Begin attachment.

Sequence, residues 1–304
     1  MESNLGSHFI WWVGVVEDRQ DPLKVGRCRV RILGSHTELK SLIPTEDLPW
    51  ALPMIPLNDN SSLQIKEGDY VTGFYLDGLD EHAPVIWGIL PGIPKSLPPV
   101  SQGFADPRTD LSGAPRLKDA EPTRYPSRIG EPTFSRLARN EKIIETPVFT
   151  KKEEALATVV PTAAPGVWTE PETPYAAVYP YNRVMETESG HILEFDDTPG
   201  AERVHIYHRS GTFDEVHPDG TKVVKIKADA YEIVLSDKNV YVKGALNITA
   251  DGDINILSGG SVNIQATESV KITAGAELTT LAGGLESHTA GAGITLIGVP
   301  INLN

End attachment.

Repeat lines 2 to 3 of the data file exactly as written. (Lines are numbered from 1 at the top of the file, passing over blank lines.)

     1  MESNLGSHFI WWVGVVEDRQ DPLKVGRCRV RILGSHTELK SLIPTEDLPW
    51  ALPMIPLNDN SSLQIKEGDY VTGFYLDGLD EHAPVIWGIL PGIPKSLPPV